Thursday, June 4, 2020

Adobe Essential Graphics - Not Ready for Prime Time

With Premiere CC v14, Adobe is forcing us to switch from Titles (now "legacy" titles) to the new "Essential Graphics" system.  In theory, this is a better system for titles and light graphics (you can even incorporate motion), but they released the "feature" WAY before it was ready for public use.

My first gripe is a big one: you cannot "nudge" type areas with the arrow keys.  To move a text field, you have to either physically drag it (not precise), or use the horizontal/vertical transform controls in the Essential Graphics panel (not convenient).

While there are many other issues, the rest of this post will be dedicated to file management for graphics (files) used in "motion graphics templates."

If you place a graphic (a logo, for instance) via the "new layer" drop down choice "From file" in the  Essential Graphics panel, Premiere just drops the file into your project wherever it feels like it.  If you've got twenty or more folders in a project, good luck finding your file (you can use "reveal in project" from the timeline, but wtf?)! So once you add a file via the Essentials Graphics panel, you'll need to manually move said file to a Motion Graphics (or some other) folder to keep things from getting super cluttered.  Additionally, if you create a "Master Graphics Template," Premiere copies the graphic file that you've utilized to a system folder (not just a bin in your project) that Premiere creates called "Motion Graphics Template Media." This new folder on your hard drive will be filled with folders that have been named with randomly generated strings of characters as if Adobe is trying to prevent us from finding OUR OWN graphics files.  Each Graphics Template has it's own folder named by a long random string (i.e. 0df6380f-23b8-467c-9040-8d2e5dc1096e), but then that folder has a subfolder named simply by the SAME NAME as the Graphics Template you created.  WHY IS THE RANDOM STRING FOLDER NECESSARY?! The bigger question is this... why can't Premiere just access the graphic from it's original location (thus preventing the need for TWICE AS MUCH space to store the file)?  If you need to export your template to a new location or another computer, I could see copying the files then to keep them in the template, but create a duplicate right off the bat? Inefficient and confusing to say the least.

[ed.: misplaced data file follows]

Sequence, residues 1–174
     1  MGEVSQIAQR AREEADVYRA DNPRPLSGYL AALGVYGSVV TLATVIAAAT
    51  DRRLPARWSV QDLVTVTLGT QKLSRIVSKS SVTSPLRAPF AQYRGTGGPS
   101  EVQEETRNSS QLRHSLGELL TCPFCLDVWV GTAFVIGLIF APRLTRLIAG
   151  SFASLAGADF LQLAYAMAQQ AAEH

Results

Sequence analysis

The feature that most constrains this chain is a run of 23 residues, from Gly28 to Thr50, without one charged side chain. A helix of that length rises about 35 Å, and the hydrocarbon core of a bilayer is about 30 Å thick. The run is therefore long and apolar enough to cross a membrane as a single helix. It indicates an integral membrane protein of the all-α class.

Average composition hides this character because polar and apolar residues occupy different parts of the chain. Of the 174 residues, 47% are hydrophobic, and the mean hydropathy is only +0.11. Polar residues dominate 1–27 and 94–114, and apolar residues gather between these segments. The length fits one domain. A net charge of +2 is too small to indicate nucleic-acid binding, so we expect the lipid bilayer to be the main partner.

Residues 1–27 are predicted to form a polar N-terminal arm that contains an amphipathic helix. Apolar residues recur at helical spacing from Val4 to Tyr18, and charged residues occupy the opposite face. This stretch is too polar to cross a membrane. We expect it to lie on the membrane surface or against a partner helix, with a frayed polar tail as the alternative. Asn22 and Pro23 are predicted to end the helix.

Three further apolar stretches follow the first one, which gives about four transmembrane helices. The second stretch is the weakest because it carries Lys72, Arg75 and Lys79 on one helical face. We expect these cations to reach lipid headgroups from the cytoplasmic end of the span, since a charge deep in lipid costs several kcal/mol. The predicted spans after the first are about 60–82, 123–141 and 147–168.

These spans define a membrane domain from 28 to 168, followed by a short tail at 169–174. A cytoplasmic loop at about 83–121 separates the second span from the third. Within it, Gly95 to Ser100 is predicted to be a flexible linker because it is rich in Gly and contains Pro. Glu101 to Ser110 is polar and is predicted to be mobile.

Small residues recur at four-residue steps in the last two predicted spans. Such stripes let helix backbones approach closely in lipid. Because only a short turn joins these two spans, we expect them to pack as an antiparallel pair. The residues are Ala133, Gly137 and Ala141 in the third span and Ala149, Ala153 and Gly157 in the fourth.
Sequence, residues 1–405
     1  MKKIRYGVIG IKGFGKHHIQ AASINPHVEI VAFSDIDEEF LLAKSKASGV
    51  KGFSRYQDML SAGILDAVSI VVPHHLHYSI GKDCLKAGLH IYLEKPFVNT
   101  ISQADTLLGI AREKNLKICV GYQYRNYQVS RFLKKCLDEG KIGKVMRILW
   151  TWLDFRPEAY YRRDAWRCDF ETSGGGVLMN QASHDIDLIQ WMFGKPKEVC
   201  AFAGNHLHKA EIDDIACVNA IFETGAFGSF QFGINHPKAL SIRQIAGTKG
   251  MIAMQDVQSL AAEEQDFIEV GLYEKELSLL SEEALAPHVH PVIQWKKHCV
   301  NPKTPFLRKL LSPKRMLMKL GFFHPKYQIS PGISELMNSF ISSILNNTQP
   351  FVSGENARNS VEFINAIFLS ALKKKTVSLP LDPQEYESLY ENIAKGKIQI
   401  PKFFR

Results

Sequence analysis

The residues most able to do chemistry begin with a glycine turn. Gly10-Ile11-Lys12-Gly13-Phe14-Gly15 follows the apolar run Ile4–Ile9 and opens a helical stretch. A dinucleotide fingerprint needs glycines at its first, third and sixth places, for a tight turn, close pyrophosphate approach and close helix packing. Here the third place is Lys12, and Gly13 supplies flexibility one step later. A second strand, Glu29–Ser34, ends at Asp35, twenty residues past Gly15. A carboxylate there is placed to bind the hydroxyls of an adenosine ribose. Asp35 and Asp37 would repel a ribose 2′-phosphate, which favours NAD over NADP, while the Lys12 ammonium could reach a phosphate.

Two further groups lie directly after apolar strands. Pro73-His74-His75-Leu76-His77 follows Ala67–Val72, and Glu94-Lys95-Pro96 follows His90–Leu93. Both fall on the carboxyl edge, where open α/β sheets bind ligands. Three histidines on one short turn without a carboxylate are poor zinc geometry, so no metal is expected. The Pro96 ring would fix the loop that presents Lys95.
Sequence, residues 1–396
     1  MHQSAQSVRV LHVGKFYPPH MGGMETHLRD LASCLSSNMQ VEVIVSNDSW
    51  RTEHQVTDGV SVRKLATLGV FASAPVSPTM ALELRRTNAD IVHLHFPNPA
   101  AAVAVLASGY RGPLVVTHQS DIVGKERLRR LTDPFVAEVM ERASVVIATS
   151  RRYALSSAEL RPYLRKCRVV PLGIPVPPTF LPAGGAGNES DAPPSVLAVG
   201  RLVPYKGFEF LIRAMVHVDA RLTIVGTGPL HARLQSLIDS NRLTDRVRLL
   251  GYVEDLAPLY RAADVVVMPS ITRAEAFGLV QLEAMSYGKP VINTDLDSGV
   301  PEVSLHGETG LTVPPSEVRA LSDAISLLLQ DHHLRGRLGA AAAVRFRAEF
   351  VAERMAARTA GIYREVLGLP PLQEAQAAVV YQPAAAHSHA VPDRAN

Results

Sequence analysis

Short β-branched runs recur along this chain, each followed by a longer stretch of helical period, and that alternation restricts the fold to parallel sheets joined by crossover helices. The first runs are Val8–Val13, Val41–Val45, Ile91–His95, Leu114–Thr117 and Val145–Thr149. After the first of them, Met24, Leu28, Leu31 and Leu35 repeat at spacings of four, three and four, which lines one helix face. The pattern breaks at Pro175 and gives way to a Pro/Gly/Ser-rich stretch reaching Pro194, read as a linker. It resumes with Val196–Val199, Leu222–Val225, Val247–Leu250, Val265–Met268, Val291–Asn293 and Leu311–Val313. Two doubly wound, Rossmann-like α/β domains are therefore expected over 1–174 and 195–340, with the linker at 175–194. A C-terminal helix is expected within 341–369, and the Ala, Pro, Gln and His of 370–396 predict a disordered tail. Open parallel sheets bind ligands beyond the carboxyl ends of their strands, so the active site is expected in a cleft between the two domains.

Another issue that drives me nuts: there doesn't seem to be an option to "update Motion Graphics Template" if you make a change to it in your timeline.  For instance, if you're using a template and you make a small adjustment to the text, you only have the option to "Export as Motion Graphics Template" at which point you can either save the template again with the same name and then go back into your library, figure out which is the old template, and manually delete the old one, or give the adjusted template a new name (at which point you will STILL need to delete the old template that is now obsolete from your library).

Finally, as referenced in the above issue, if you create two Motion Graphics Templates and place them in the same library, and you name them with the same title, Premiere will not let you know that you've created a title with the exact same name.  In other words, you could create 30 Motion Graphics Templates, all with the same name; then when you need to use the template you created, you have to sift through all the templates with the same name to see which one is the correct one.  Brilliant.

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